Cubs

Cubs respond to Kris Bryant’s grievance: ‘We were in the right’

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Cubs respond to Kris Bryant’s grievance: ‘We were in the right’

NASHVILLE, Tenn. – Kris Bryant’s storybook season came with an asterisk, the Cubs manipulating the service-time system, stashing him at Triple-A Iowa in early April and delaying his free agency by a year.

It apparently bothered Bryant and super-agent Scott Boras enough that the National League Rookie of the Year filed a grievance against the Cubs, Yahoo! Sports reported Monday as the winter meetings began in Nashville, Tennessee.

Cubs general manager Jed Hoyer said the club has been aware of the Major League Baseball Players Association action since May.

“Nothing’s really changed since then,” Hoyer said while meeting with the Chicago media inside an Opryland suite. “The fact that the news came out today doesn’t really change anything about where we are. Obviously, we feel like we were in the right, but I’m not going to comment on the case or open this back up.”

[MORE CUBS: Cubs continue adding to pitching staff with Trevor Cahill’s $4.25 million deal]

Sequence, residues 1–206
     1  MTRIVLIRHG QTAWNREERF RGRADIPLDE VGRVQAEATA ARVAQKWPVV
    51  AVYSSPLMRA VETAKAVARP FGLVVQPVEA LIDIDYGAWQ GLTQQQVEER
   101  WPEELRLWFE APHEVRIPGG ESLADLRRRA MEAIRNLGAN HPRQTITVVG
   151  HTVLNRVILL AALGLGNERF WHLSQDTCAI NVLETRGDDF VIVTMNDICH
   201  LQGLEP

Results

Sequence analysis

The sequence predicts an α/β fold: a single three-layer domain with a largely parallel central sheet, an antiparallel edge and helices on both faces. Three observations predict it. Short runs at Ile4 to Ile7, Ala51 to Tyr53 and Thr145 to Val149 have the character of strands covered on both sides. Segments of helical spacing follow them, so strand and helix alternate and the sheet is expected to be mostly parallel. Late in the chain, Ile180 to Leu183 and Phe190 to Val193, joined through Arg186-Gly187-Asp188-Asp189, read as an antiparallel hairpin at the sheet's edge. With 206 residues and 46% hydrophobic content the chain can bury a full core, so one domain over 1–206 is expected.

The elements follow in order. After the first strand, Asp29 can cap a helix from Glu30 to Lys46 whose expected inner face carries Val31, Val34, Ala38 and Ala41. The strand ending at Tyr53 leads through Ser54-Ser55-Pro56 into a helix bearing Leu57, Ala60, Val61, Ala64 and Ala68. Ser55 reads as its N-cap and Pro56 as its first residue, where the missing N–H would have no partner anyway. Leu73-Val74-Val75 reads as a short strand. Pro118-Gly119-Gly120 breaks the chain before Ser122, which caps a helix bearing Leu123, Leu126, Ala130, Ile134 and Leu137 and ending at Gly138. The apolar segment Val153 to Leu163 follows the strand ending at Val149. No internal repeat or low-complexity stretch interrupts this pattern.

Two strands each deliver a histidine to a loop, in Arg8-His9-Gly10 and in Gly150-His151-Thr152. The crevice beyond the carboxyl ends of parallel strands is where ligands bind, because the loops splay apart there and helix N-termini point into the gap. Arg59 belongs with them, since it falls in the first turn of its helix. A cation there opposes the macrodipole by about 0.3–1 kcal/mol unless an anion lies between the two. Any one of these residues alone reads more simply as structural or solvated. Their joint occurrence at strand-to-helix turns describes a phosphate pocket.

The Yahoo! report also identified Philadelphia Phillies third baseman Maikel Franco as involved in the grievance process. Franco (170) and Bryant (171) finished just short of the 172 days needed for a full year of service, closing their free-agent windows until after the 2021 season.

Hoyer didn’t reveal anything about potential hearings or next steps in the process with the union, an All-Star third baseman and the game’s most powerful agent.

“It was filed in May – and to the best of my knowledge – it sits in the same place it has been,” Hoyer said. “It’s something we’ve known about for a long time. And it certainly doesn’t change our impression of the player or his representation at all.

“We’ve got a great relationship with Kris. We’ve got a great relationship with Scott.”

Setting service-time clocks for elite young players is essentially viewed as standard operating procedure within front offices and Bryant became a billboard for the issue in spring training.

Bryant – the second overall pick in the 2013 draft – began this year as Baseball America’s No. 1 prospect after hitting .325 with 43 homers and 110 RBI in 2014.

[NBC SHOP: Gear up, Cubs fans!]

Bryant lived up to the hype after making his big-league debut on April 17, admitting he played with a chip on his shoulder while finishing with 26 homers and 99 RBI for a team that won 97 games and two postseason rounds.